City staff urges denial of gas station plan

 

Last updated 6/20/2023 at 9:31am



City staff has recommended denial of the application for the owner of the Space Age gas station to rebuild the current facility. The recommendation is based on one development standard: compatibility.

A much-anticipated Planning Commission public hearing was held on the application on Thursday, June 15. There was no final decision — the hearing was continued to next month.

Based on the information in the record as of June 1, staff concluded the proposal has not satisfied the conditional-use criteria in Sisters Development Code 4.4. Additional information submitted into the record after the issuance of the staff report may result in a different recommendation by staff.

More than 70 people filled Council chambers with standing room only, and more people gathered in the conference room. After four hours and 15 minutes, the commissioners agreed to continue the hearing to Thursday, July 13, 5:30 p.m., at City Hall. The record was left open so the public can continue to send written comments to Matthew Martin at the City ([email protected]) and may testify at the July 13 hearing.

The proposal concerns the 35,541-square-foot property composed of two lots on the corner of West Cascade Avenue and South Pine Street. The plan calls for a fuel island with 16 fuel points under a 4,300-square-foot canopy, a 3,500-square-foot convenience market, and other improvements, including vehicle parking, pedestrian paths, landscaping, and a trash enclosure. The current three access points to Pine Street would be reduced to two.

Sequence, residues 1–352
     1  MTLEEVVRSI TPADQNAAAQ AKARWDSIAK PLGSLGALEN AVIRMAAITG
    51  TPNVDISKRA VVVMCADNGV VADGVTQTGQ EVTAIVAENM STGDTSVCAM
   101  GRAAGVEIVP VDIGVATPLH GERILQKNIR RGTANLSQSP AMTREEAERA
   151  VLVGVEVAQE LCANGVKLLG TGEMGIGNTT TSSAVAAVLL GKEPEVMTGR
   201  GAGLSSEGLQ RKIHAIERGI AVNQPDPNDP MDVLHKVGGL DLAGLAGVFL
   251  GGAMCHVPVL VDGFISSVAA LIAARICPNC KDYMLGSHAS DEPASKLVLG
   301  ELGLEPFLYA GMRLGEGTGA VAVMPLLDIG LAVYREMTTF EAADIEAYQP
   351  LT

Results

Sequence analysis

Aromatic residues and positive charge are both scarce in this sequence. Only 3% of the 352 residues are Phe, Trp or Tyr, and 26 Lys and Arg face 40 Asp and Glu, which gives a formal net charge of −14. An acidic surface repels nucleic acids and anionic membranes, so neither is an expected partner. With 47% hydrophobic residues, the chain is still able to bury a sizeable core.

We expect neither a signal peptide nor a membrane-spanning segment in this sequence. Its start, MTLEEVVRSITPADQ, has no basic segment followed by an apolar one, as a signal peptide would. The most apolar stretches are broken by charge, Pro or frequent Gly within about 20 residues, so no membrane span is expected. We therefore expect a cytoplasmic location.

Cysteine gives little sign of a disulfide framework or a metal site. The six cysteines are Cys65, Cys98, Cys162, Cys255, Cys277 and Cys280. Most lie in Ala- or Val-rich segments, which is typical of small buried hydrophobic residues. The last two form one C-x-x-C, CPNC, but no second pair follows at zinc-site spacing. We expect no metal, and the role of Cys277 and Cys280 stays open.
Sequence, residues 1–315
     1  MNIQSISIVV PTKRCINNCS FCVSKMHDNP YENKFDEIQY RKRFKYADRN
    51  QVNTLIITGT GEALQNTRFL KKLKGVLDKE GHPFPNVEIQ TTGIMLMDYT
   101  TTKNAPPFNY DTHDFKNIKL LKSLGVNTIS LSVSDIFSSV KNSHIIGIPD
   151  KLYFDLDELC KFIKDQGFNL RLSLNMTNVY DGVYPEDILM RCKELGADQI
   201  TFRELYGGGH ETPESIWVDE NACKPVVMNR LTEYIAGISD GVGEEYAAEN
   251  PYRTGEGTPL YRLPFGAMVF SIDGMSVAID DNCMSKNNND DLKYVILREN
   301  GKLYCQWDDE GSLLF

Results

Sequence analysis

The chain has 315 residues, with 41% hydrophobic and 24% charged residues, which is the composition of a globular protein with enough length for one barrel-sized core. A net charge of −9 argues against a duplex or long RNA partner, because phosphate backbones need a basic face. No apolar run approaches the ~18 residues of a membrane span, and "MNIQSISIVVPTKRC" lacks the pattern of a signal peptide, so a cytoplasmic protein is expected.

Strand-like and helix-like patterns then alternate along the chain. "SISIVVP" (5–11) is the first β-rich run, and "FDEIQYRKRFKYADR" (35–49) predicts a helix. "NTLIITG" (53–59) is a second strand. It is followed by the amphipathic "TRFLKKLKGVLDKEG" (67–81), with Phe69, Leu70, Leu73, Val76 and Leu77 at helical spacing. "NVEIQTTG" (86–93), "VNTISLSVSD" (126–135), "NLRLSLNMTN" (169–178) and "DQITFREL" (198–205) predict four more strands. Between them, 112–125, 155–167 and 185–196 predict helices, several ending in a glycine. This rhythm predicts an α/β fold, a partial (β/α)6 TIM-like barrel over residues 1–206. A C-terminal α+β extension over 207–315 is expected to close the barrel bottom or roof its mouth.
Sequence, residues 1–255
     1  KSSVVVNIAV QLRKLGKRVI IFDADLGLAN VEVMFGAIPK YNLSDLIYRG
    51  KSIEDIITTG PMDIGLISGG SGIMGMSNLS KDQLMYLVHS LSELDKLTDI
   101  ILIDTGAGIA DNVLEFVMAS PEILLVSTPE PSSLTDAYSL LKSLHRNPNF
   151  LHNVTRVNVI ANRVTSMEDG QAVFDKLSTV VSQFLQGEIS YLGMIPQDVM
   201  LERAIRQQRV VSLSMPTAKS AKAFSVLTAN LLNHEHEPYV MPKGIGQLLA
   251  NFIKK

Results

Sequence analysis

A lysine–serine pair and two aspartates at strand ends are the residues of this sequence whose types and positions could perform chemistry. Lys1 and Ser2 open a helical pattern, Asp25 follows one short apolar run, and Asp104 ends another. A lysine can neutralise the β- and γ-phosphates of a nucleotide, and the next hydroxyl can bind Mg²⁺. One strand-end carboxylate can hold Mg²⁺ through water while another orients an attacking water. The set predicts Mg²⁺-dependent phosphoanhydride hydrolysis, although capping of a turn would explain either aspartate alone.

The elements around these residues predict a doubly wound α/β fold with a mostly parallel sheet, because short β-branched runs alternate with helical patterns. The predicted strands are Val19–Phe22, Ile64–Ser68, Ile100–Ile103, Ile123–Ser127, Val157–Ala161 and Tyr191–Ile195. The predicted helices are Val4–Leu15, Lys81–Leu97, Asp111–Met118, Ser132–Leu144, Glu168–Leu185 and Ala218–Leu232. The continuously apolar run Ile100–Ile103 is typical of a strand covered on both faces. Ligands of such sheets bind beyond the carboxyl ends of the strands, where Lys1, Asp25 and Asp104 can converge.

The prominent relevant issues within the Development Code that staff used to make their recommendation had to do with the Western design theme, outdoor lighting, and Sisters’ dark skies ordinance, traffic impacts, and compatibility.

Staff said that the application did not meet the compatibility requirements because the new station would be too large, the scale not consistent with the smaller surrounding businesses and residential lots, and the design is not consistent with the small-town character of Sisters. The number of pumps and the size of the fuel island canopy are too large.

There were points of disagreement between the City and paid consultants for Jim Pliska, the Space Age owner. Even though the capacity of the Highway 20/Pine intersection is already exceeded under 2024 traffic conditions, Mike Ard, Pliska’s traffic engineer, believes the completion of the Highway 20/Locust roundabout will result in all intersections operating acceptably. He also recommended that Highway 20 access to the station be maintained with restricted right-in/right-out ingress/egress.

There was a difference of opinion regarding the need for issuance by the Oregon Department of Transportation (ODOT) of a new approach permit before the Planning Commission makes their decision. It is in process, but not yet approved.

The conditional-use criteria applied by the City require that the location, size, design, and operating characteristics of the proposed use will be compatible with, and will not have significant adverse effects on, the appropriate development and uses of abutting properties and the surrounding neighborhood.

The factors considered by City staff in recommending the Planning Commission deny the Space Age application included: generation of traffic and capacity of streets; civic facilities and utilities available; scale, bulk, coverage, and density; desirable neighborhood characteristics and livability; and any other relevant impact of the development.